Adele Anthony and friend, both guesting with the Illinois Symphony Orchestra Friday night.


BLOOMINGTON — Adele Anthony's love affair with the violin began at as early an age as is physically possible.

In fact, at 2½, she was so tiny that her father, also a professional violinist, had to have a custom-made instrument built ... at one-sixteenth the scale of his own violin.

"It was very tiny, probably running from my elbow to my hand," she recalls.

But that's where it all begins: at a reduced scale, on the other side of the globe and then down under ... all the way to Tasmania, the southern island state of Australia.

Anthony's journey in the years since is bringing her our way, to the stage of the Bloomington Center for the Performing Arts, where she is guest soloist for the Illinois Symphony Orchestra's first concert of the new year, at 7:30 p.m. Friday, with maestro Ken Lam on the podium.

On the bill, dubbed "Two Titans": Mahler's First Symphony and Leonard Bernstein's "Serenade After Plato's 'Symposium'," the latter featuring Anthony and her violin ... no longer at one-sixteenth scale, needless to say.

"We were very isolated there," Anthony says of her Tasmanian upbringing. 

Even so, the island had its own orchestra, the Tasmanian Symphony Orchestra, of which her father was a member.

"I was always following him around the house, imitating him on a brush and comb," she recalls. "A friend of his was beginning the very first Suzuki (method ) violin group in Tasmania and he suggested that I join."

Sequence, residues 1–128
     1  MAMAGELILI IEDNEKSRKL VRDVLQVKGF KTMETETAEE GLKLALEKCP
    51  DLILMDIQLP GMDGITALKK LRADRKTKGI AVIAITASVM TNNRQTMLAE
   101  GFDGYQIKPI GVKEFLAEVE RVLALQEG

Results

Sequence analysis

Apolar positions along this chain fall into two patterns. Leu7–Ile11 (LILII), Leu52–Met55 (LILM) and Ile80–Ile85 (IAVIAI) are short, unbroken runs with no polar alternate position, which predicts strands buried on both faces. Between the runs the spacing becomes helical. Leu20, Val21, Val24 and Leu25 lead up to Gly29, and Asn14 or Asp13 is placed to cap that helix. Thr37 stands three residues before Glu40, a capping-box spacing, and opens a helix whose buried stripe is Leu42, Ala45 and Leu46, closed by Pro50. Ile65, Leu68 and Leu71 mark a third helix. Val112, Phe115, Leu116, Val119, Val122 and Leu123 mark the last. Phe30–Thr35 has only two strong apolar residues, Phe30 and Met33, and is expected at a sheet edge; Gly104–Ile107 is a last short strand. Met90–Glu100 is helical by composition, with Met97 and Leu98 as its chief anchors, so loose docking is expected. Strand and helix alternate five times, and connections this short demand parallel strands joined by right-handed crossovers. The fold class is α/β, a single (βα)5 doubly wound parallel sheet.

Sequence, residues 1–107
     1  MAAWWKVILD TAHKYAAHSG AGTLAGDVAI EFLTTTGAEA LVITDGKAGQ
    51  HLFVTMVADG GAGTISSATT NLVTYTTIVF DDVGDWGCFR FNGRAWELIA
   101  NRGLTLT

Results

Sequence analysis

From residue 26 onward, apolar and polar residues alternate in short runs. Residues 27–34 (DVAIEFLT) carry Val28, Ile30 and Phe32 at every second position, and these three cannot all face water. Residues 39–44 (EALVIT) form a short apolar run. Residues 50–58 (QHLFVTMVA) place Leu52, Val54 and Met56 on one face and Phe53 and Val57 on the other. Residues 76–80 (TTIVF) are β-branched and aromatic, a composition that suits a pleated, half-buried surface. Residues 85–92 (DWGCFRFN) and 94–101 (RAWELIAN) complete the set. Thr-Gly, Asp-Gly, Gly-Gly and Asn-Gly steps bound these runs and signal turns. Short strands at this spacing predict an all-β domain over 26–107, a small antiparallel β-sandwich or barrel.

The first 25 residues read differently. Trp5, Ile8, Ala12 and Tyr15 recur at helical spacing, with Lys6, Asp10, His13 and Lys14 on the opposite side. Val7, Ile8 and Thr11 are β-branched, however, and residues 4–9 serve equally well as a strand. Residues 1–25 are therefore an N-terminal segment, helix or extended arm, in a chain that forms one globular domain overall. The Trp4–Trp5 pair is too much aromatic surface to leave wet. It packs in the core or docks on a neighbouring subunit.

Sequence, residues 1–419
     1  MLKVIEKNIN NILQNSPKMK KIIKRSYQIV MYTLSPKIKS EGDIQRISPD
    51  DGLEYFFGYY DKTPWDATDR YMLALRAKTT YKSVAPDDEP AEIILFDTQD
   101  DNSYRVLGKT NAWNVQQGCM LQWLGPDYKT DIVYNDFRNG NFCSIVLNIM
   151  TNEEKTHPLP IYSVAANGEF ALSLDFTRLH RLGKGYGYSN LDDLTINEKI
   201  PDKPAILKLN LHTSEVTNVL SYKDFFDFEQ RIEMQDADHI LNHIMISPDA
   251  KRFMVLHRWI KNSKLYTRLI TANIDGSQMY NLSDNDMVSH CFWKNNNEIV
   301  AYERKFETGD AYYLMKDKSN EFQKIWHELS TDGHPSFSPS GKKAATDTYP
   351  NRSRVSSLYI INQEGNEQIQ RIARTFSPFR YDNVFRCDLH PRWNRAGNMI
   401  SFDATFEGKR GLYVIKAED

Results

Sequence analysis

So little Adele, age 2½, her scaled-down violin in tow, showed up, ready to make some music.

Even at the early age, "I knew I definitely enjoyed the violin."

Her life's path was set, eventually taking her from Tasmania to Adelaide, the coastal capital of South Australia. 

She was all of 6 years old then.

"I continued my studies and was very fortunate to have the opportunity to perform with orchestras there," she says.

"When I was 17, I applied to the Juilliard School in New York. It was very much an unknown thing ... I'd never been to America before, and I didn't know if I'd like being music school. So, to hedge my bets, I applied to medical school at the same time."

Not only did she like music school, she loved it.

"It was such an eye-opening experience to see so many people the same as me from all over the world who'd spent their whole lives playing their instruments. And we were all thrown together into this wonderful melting pot."

A turning point for Anthony was winning the Denmark-based Carl Nielsen International Violin Competition in 1996, which opened the door wide to her career as an acclaimed concerto soloist, recitalist and chamber musician

Despite coming from the other side of the globe, Anthony has a Central Illinois connection: Her husband, fellow professional violinist Gil Shaham, is a native of Champaign-Urbana.

The couple met at Juilliard.

"We studied with the same teacher ..." and the rest is history.

Anthony and Shaham still call New York home, where they have three children, and make it a point to never be away from home at the same time.

It involves some creative juggling of tour itineraries, but she says they've found a system that works. 

"We work around our schedules ... we're very fortunate that we have the same management, which makes the coordination much easier," Anthony says.

"It's a challenge sometimes ... we can't do everything that comes along and have to prioritize."

As for her performance this weekend, Anthony says she is excited to be performing a Bernstein piece in the composer's centenary year (born Aug. 15, 1918).

"Serenade After Plato's 'Symposium'," she says, "is a piece I love to play ... I was first exposed to it at Juilliard, and was captivated by it. It's still extremely accessible for the listener, with a lot of variety over its five movements."

If you like Bernstein's better-known "Candide Overture," then, promises Anthony, "you'll love this ... it is such joyous music from a master of song."


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